It’s true we’re in a hurry to fill the platforms, but it is convenient to understand the essential: the political economy of agriculture in Cuba, the relationship between those who participate in the structure that is the agricultural and industrial production of food in Cuba. The State (representing the owner, who is the people) usufructs through its companies the largest amount of land in Cuba, and it still has a large part of it uncultivated, cultivates with very low productivity levels another part, prioritizes its companies in the allocation of resources and produces a minority of the food. The private farmers who, with a minority part of the land, withstanding purchase prices of their products that often don’t offset the costs, produce the majority of the food. Is there a greater contradiction than this? Whoever manages and, in fact, owns the largest amount of land, is the one who least produces it and the one who obtains the least yields and also keeps a good amount of it uncultivated and delays the delivery of land to those who want and need to work it. Nor is there an adequate public policy that encourages those who have already received land and occupy some two million hectares, often without the resources they need.
“Since March, 5,580 applications for state lands in usufruct have been made and they have already been given to 5,773 persons. The applications of 10,215 persons still have to be processed,” he said.
In addition, the Ministry (MINAGRI) said that 1,998 applications are still out of term, which is a negative aspect, although “there has been a positive response in the speeding up of this process in the midst of the current situation, and which should continue.”
Cubadebate: Agricultural, food and sugar sectors, strategic in the post-COVID-19 stage in Cuba, June 22, 2020.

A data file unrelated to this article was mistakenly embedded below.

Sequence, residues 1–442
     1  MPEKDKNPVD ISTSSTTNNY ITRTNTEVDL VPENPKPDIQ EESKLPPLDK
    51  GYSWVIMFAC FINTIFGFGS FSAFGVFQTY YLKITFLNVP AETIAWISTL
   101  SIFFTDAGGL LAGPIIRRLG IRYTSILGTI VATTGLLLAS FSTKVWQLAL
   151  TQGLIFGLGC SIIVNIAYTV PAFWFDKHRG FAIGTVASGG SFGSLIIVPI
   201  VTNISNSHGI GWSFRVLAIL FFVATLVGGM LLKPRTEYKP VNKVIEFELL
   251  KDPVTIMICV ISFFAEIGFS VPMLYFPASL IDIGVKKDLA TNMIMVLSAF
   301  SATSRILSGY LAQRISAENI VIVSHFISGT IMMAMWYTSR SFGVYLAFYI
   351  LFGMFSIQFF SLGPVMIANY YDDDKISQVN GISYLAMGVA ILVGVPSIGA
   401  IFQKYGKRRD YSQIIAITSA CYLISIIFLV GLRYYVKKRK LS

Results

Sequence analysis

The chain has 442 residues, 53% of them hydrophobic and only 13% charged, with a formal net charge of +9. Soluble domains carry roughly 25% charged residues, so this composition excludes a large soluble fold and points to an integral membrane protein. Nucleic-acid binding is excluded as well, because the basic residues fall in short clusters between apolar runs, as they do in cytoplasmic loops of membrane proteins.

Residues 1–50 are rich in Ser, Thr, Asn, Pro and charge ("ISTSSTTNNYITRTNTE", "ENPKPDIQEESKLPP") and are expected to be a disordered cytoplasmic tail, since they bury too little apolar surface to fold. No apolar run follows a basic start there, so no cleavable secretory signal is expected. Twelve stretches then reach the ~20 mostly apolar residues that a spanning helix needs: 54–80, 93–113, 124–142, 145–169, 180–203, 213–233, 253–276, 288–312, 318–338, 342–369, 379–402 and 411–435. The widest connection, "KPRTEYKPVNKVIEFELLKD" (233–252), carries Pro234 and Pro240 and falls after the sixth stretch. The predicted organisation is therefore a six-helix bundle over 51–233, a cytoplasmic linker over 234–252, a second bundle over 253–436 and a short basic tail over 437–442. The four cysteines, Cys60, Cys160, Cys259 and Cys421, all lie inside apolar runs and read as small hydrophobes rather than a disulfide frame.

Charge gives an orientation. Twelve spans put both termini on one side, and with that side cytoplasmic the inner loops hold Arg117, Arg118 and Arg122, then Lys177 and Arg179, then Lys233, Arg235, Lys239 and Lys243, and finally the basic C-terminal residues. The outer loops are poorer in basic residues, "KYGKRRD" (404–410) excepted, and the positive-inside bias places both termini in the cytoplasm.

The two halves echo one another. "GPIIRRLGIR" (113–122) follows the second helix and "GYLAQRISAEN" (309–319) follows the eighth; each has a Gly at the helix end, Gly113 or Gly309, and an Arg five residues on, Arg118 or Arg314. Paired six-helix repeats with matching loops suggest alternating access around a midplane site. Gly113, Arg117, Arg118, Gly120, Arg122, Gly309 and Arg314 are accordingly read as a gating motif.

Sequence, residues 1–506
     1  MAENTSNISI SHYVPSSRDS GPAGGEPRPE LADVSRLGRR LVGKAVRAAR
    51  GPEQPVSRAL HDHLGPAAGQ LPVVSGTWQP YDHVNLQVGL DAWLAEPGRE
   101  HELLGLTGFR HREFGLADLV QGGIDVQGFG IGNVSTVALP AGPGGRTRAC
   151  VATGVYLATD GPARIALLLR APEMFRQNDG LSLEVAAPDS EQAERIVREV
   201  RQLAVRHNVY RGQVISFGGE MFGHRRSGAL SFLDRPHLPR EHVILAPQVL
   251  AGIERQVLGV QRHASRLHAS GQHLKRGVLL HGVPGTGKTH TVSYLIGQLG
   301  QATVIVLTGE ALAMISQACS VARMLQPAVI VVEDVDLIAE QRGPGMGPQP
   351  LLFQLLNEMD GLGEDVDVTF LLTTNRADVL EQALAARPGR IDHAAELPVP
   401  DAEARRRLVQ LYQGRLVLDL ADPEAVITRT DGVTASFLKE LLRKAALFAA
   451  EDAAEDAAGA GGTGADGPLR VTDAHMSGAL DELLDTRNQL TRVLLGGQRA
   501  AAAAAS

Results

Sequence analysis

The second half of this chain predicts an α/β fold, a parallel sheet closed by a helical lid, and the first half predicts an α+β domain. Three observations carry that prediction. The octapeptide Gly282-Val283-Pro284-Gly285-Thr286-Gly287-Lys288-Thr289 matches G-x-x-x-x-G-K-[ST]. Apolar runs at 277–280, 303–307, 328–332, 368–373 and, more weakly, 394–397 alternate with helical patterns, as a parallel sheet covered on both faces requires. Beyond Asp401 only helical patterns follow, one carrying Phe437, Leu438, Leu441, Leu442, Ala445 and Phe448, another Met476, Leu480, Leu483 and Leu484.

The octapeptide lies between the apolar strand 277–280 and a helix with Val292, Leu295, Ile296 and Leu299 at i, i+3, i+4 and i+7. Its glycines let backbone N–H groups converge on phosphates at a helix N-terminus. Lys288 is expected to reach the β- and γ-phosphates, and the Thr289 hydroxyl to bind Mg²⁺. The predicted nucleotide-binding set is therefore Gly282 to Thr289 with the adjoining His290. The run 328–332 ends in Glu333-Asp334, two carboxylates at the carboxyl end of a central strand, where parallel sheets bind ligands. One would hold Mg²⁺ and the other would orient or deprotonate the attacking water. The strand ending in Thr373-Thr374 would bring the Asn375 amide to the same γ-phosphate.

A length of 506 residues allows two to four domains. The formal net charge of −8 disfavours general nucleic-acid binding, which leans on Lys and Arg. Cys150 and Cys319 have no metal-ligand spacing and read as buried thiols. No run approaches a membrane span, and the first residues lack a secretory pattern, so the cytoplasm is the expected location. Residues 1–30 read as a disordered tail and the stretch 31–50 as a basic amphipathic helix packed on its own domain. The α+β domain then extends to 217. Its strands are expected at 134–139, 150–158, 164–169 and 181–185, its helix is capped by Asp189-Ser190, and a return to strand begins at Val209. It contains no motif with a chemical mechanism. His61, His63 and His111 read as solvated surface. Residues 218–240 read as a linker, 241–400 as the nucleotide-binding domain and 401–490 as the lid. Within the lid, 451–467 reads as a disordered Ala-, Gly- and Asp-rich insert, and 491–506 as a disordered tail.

If we calculate ten hectares per person of the applications still pending to be processed they would be 102,150 hectares of land that now produce nothing. How much product stopped being produced in a year! Let’s use numbers to show it:
Average prices January-March 2020
Total of hectares
Lost income (USD/ton)
Amount of products not produced (ton)
Rice Vietnam 5% (USD/MT)
*Yields: those from 2018 published by the AEC, table 9.13
*Prices: (http://www.worldbank.org/ commodities)
*Soybean is used for soy’s yield
Having uncultivated land when there is not enough food! It is not a problem that emerged with COVID-19, it goes way back. Let’s multiply those quantities of products not produced in the last five years. In 1959, in just a few months, thousands and thousands of hectares of land were handed over to more than 100,000 farmers.
In 2018, Cuba imported 812,333 tons of maize, at a cost of 273,247,000 dollars; 496,120 tons of rice and paid 198,843,000 dollars and 329,529 tons of soybean cake, spending 152,385.000 dollars on it. You can also count how much could have been saved in any of these products, say maize, if the hectares applied for and not yet delivered had been cultivated. Then only 568,194 tons of maize would have been imported and 191,125,900 dollars could have been saved in just one year! Having idle land is not something to be laughed at.